Until the nineteenth century, at least, most paintings were commissioned or bought by the wealthy, many of whom lived in palaces, mansions and other stately homes. Today and tomorrow I look at a selection of paintings of those grand houses, including a few owned by the more commercially successful artists themselves.
Although an obvious sign of the unfairness throughout history, stately homes are often fascinating in themselves. In literature, they may grow far beyond a mere setting, and come to dominate works such as Mervyn Peake’s Gormenghast trilogy.
Sometimes, these buildings make an almost incidental appearance, as in the Five Senses series of allegories painted jointly by Jan Brueghel the Elder and the young Peter Paul Rubens.
In their Sight (1617) is a cornucopia of visual and optical artefacts. Look beyond those and you’ll see one of the palaces of Albert VII, Archduke of Austria, and his wife Isabella, governors of the Spanish Netherlands at the time.
Hearing (1617-18) provides a more distant view of a landscape fit for the ruling couple.
At the other end of his career, Rubens retired to his own country estate. This is my favourite of his late landscapes showing his property.
Rubens was rich enough to be able to buy himself a comfortable estate just to the south of Antwerp, and wanted a few years to enjoy life with his family, which continued to grow: his last child was born here eight months after his death.
An Autumn Landscape with a View of Het Steen in the Early Morning (c 1636) is one of the larger of these retirement landscapes, now in The National Gallery in London. As the sun is rising off to the right, a man drives a cart, on top of which a woman is perched precariously, away from Ruben’s castellated mansion. Beside that stream, a hunter stalks game with his gun and dog.
A small group of people are on the grass in front of the house: a woman is seated, perhaps nursing an infant; next to her is another woman, and a man. Another man is fishing in the moat, from the bridge which connects its main entrance with the outside world. At the far right, a milkmaid walks out to a small herd of cows.
We’ll never identify the stately homes featured in Nicolas Poussin’s idealised landscapes; perhaps like Gormenghast they’re more an image in his mind than any real location. One of the best of these is seen in his Landscape with a Calm from about 1651.
The most prominent feature of the painting is its large Italianate villa. In front of its outermost earthworks, two herdsmen tend a flock of sheep and cattle. The man on the left is playing bagpipes. There are figures scattered just outside and within the grounds of the villa, and two visible at its ground floor windows.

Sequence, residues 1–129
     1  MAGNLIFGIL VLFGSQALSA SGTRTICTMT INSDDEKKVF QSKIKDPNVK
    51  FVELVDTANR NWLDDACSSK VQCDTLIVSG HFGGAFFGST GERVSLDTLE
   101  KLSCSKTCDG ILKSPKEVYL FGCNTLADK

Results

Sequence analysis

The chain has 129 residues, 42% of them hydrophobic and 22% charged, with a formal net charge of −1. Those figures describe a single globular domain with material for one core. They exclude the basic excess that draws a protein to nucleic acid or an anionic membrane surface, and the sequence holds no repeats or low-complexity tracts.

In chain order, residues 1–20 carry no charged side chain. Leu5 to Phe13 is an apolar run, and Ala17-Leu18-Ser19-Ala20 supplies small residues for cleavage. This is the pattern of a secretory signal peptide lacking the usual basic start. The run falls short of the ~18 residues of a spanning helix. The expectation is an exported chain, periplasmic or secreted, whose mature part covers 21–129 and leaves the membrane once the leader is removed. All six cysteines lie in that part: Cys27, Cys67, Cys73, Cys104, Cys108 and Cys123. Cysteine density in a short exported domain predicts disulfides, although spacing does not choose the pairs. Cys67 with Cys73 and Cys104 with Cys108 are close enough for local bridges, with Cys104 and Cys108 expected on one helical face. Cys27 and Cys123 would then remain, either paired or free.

Giovanni Paolo Panini’s paintings of Ancient Rome (1757, above) and Gallery of Views of Modern Rome (1759, below) are almost certainly wholly imaginary, although some of their figures look to have been identifiable as leading collectors of the time.
Caspar Wolf’s painting of the imposing castle of Schloss Neu Bechburg at Önsingen (1778) is of historical importance. This castle was built in about 1250, and still stands today in central northern Switzerland.
Sometimes landscape artists had very different views on the houses they were paid to paint.
John Constable’s commissioned painting of the house and estate at Wivenhoe Park, Essex (1816) is unusual to say the least. Instead of depicting the grandeur of Major-General Francis Slater-Rebow’s country seat, Constable shows it in the distance, its fine architecture almost concealed by trees. His horizon is also low, and draws the eye up to the cumulus clouds of an English summer sky, which compete with the lake and meadows of the lower half of his composition.
Carl Gustav Carus is another artist who made significant records of some of the stately homes of central Europe. His plein air oil sketch of Saxon Countryside. Sonnenstein near Pirna (Saxon Castle) from about 1824 shows this massive castle which was built high above the River Elbe near Pirna, not far from Dresden, from about 1460.
There had previously been a mediaeval castle on its site, and from 1811 it was used as a mental hospital, pioneering what is now known as occupational therapy in mental illness. From early 1940, the Nazis used part of the castle as a killing centre before turning it into a military hospital in late 1942. Since the war, it has undergone extensive refurbishment, and in 1970 was re-opened for disabled people, with a rehabilitation centre and workshops.
The Austrian artist Eugene von Guérard spent some years painting grand homesteads for their owners. Yalla-y-Poora from 1864 shows a palatial pastoral station in Victoria’s Western District then owned by John Ware, who had its well-watered valley planted with a mixture of native and British tree species. The peak in the far distance is Mount Challicum. This was one of von Guérard’s last commissioned paintings of a homestead, as the fashion for these waned. He made his studies for this painting during a visit in May 1864. Ware’s country mansion had only recently been built using bluestone, but suffered severely from rising damp and had to be replaced in 1905.